FEFU International Admission Office:

+7 (423) 265 24 24 (ext. 2206)
Nov 28, 2017 - Science and innovations
FEFU biotechnologists developed Far Eastern marmalade based on algae

Responsive image

Researchers of Far Eastern Federal University (FEFU) developed the original technology of marmalade production from unique Far Eastern ingredients. The new dessert is prepared with the Laminaria algae decoction and consists of freshly squeezed juice of forest berries, boiled petioles of Japanese butterbur, and agar. Marmalade is characterized by a high content of vitamins, dietary fiber, and a small amount of sugar.

The developer Svetlana Zhuravleva, Associate Professor, Department of Food Science and Technology, School of Biomedicine, Far Eastern Federal University, says that the recipe for marmalade differs significantly from the known ones. The main feature is the use of Laminaria algae decoction as the main component.

“Decoctions of Laminaria Japonica, Laminaria saccharina and Laminaria digitata are very valuable sources of biologically active substances. They contain a significant amount of mineral macro- and micronutrients, among which are such valuable as iodine, iron, zinc, magnesium, calcium, and others,” said Svetlana Zhuravleva.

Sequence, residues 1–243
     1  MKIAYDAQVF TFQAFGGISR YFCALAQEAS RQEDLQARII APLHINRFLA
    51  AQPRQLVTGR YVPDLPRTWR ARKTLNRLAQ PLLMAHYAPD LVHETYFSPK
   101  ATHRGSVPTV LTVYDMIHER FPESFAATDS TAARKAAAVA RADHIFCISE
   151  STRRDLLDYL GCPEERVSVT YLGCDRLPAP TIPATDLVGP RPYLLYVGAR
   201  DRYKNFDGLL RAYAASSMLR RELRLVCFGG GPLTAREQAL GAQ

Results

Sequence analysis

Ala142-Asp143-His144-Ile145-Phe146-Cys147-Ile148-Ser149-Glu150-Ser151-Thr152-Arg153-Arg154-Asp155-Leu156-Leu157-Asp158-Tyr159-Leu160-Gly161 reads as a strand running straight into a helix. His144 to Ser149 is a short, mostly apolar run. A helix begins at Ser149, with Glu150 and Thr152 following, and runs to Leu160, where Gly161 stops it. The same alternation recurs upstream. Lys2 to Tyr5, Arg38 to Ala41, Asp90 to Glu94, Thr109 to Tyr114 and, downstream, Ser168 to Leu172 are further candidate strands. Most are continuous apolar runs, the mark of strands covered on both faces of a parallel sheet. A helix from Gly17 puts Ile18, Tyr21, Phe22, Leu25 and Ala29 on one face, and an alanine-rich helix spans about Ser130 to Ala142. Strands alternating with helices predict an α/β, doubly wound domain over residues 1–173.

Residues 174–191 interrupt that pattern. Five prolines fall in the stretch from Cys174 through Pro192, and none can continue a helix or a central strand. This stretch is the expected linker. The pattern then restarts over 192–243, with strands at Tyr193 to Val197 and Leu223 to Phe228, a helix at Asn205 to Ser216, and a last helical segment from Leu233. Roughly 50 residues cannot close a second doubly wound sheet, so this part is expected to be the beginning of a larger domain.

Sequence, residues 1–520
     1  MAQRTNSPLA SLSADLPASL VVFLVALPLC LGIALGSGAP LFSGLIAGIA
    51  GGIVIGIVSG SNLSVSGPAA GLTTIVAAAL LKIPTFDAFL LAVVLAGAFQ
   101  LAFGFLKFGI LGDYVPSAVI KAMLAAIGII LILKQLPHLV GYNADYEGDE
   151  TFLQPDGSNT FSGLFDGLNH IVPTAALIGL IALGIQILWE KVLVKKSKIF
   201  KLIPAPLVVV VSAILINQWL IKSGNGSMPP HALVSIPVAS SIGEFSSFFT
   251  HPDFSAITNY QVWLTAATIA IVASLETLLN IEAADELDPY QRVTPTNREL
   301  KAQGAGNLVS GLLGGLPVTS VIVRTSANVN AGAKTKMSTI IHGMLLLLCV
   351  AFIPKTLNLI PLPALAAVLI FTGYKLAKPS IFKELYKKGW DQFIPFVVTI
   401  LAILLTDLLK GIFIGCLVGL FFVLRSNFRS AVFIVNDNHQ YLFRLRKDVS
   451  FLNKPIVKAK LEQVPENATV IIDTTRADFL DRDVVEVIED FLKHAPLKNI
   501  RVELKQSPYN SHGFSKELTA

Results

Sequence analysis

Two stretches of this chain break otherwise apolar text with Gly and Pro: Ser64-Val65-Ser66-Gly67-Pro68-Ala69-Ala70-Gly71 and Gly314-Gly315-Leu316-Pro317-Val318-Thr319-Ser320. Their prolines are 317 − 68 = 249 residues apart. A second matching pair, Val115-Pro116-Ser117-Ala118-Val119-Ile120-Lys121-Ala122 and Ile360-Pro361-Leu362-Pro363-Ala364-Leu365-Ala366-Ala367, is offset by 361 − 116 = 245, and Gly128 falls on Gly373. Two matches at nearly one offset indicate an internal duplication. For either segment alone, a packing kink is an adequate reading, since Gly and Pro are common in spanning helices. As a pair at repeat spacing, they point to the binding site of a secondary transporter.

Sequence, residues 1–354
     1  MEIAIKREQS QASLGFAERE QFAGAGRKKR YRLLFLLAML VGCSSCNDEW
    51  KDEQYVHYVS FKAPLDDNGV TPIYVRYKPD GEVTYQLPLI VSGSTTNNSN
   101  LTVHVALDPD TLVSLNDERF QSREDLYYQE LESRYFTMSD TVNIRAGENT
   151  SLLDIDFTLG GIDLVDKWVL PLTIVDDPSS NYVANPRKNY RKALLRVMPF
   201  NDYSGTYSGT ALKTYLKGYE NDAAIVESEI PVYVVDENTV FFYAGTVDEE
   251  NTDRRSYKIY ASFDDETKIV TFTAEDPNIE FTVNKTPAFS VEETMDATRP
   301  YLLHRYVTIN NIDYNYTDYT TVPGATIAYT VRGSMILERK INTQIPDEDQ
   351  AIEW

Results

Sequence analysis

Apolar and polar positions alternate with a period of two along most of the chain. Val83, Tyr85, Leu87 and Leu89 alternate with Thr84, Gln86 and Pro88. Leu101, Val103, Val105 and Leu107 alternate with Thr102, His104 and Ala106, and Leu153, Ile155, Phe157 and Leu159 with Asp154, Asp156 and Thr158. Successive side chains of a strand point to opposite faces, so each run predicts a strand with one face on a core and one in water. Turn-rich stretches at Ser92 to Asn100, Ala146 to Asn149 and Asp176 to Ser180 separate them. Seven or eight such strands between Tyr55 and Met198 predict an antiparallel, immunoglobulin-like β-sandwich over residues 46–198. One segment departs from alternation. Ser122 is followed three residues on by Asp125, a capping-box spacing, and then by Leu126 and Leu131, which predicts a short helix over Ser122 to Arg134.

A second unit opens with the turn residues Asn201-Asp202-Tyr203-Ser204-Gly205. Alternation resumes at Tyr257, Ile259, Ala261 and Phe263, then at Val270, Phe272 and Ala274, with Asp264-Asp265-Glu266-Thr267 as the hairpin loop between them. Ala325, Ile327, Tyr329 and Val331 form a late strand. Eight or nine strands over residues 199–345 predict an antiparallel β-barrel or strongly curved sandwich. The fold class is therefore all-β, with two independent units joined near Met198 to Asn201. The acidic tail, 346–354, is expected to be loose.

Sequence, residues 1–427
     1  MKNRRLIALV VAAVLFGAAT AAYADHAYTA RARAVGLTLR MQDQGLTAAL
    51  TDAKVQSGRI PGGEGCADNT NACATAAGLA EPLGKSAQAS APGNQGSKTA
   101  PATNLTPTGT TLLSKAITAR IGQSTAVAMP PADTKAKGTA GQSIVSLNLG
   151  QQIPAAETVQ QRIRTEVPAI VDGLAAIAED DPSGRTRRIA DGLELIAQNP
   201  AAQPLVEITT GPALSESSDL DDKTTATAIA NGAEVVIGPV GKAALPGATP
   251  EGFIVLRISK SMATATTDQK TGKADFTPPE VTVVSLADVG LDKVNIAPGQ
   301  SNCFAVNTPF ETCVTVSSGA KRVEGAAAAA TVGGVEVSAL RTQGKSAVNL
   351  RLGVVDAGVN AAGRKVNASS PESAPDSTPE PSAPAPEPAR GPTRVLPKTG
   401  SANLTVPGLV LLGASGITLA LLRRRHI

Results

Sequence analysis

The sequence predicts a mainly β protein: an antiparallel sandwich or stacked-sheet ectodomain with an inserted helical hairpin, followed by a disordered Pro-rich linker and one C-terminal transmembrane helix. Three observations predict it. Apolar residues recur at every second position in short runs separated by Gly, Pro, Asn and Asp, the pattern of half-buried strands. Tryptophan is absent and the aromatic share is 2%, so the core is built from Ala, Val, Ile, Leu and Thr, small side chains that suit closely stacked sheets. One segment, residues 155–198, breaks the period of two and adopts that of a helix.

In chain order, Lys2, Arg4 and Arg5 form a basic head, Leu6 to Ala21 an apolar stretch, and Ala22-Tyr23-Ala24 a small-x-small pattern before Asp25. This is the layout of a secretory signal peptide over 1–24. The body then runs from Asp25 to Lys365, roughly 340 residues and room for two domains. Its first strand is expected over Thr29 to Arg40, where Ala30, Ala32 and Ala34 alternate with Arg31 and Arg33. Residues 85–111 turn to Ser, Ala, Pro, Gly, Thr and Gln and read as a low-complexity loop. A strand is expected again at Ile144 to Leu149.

To give a vivid taste and color, the product uses juice of cranberry, cowberry, sandthorn, and other Far Eastern berries. A flavor is the inclusion in the recipe of young petioles of the Japanese butterbur (Petasites Japonicus), an exotic plant that grows mainly on Sakhalin Island. Pieces of butterbur constitute about 2-6% of the mass of the ready marmalade.

The developers note that the new product is characterized by a high content of vitamins, dietary fiber and preserves the ability of the marmalade to retain the desired form with the minimum amount of sugar-containing components.

“In tasting evaluation it was established that the marmalade has a delicate, transparent structure, does not contain sugar crystals, the surface is smooth and shiny. Marmalade is easily bitten off, and also has a sweet-sour taste and pleasant smell, typical to the berry juices. At the same time, the smell of seaweed is barely noticeable,” said one of the developers Vladimir Lyakh, Assistant Professor, FEFU School of Biomedicine.

The following staff members of the FEFU Department of Food Science and Technology also took part in the development: Elena Novitskaya, Tatiana Boytsova, and Tamara Parfenova. Two patents have been issued for the new technology.

Researchers of the FEFU Schools of Biomedicine are the authors of numerous developments of new food products based on marine hydrobionts. In the line of innovative recipes are salads, sausages and nano-chocolate with seaweed, bakery and jelly products and drinks with extracts of green algae, paté with cucumber, sauces based on marine additives, and others.